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Four Truths About Your Fast Food Habit

Four Truths About Your Fast Food Habit

4 truths about your fast food habit

After a long day at work and an evening balancing children’s activities and homework, many parents find themselves staring blankly into a refrigerator with no idea of what to cook for supper. On any given day, we can find multiple posts requesting new recipe ideas, preferably ones that are easy to prepare. It’s tempting to throw our hands in the air and dial the nearest pizza delivery service. With UberEats and Tupelo-to-Go, our food delivery options are no longer limited to pizza. But with every restaurant meal comes risks to our health. Here’s the real truth about your fast food habit.

Truth #1:

Poor nutrition from fast food meals has been discussed for more than 40 years. A report from 1978 discusses the high sugar content of fast food meals and its effect on obesity. The report also mentions the link between obesity and other health concerns such as diabetes, heart disease, and high blood pressure.

“Plant-based diets” may feel like a new fad, but in reality researchers, doctors, and politicians have been encouraging Americans to eat more leafy greens and fiber-rich foods for decades. 

Truth #2

Sugar isn’t the only culprit in restaurant food. Almost every meal purchased outside the home includes more than your recommended daily allowance (RDA) of sodium. We know you were trying to eat healthy with a turkey sub instead of a burger, but if you added cheese, pickles, and mayo it could equal almost half your daily allowance of sodium.

Too much sodium causes water retention and can raise blood pressure, which may result in damage to your blood vessels, heart, and kidneys. 

Truth #3

Cooking at home increases quality time with your family. In the days before fast-food joints on every corner and deliver services to our sofa, we used to cook dinner often with a spouse or children helping. In addition to an improvement in nutritional value, foods at home increase time with family. Learning a new recipe together or teaching a child to chop vegetables can create unique bonding opportunities.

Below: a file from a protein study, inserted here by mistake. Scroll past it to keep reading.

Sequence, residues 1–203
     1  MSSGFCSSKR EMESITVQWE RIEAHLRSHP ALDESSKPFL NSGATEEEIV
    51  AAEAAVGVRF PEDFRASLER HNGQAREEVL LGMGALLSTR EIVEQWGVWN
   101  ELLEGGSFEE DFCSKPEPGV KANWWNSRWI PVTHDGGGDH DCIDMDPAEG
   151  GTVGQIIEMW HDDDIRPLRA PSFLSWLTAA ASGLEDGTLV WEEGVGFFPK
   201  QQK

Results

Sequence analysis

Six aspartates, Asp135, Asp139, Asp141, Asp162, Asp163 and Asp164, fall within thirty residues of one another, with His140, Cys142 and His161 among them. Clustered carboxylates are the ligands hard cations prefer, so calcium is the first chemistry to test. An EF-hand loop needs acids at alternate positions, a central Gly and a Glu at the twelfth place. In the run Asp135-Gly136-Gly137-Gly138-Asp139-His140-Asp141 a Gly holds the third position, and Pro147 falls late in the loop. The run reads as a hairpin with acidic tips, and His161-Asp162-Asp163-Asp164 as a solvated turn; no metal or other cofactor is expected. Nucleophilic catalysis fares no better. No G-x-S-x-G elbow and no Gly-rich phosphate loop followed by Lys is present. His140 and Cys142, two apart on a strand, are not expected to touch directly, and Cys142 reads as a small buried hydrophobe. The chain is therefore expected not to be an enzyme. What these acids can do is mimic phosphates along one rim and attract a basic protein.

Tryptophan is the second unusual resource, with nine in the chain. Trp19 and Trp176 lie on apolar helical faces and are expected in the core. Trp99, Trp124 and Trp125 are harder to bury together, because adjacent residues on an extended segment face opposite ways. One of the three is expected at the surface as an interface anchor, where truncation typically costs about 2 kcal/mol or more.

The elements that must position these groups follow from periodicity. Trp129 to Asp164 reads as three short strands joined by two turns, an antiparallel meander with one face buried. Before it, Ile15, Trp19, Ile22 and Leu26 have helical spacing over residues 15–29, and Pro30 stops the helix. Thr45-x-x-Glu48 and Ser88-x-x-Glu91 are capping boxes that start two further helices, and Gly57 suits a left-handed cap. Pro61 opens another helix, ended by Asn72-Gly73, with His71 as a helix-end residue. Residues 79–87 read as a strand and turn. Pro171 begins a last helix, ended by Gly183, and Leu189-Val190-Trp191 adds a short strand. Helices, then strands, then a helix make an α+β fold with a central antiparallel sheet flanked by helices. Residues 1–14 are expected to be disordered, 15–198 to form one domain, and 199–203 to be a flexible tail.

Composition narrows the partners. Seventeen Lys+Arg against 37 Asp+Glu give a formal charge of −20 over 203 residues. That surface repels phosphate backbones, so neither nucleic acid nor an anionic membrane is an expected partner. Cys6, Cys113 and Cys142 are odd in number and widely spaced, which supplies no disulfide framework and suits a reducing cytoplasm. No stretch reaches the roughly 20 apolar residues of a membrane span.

Truth #4

People who cook at home consume fewer calories. No brainer, right? But the reasons behind why they consume fewer calories may not be what you think. A study at Johns Hopkins found people who cook at home more frequently also consume fewer calories when they do eat out. They’re also more likely to eat smaller portions at home, and they don’t have the readily available dessert menu taunting them.

Time for a Reminder

Most of us already knew this information, but as more and more people eat out, especially at fast-food restaurants, we thought it was time for a refresher. According to a study published The Journal of Nutrition last month revealed 20% of calories consumed by Americans come from restaurants. That’s a lot of sugar and sodium without a lot of the vitamins and minerals our bodies need.

Cooking at home takes time, which isn’t always readily available. For those of us who struggle to fit cooking into our schedule, a meal plan helps make it easier. Prepping foods on the weekend, utilizing a crockpot or pressure cooker, and cooking enough for leftovers all make cooking at home easier.

We can’t avoid eating out altogether. When you know you’ll be eating out check the menus ahead of time for nutrition information and choose wisely. Also, order your meal first. You’ll be less likely to be swayed by other diners’ poor choices if you’ve already ordered your meal.

Need help planning healthy meals? Our registered dietician, Erica Witcher, is available for appointments. So also runs our Witcher Weightloss Warriors, a weekly group that teaches how to lose weight the healthy way and includes cooking demos, meal plans, snack ideas, and exercise tips.

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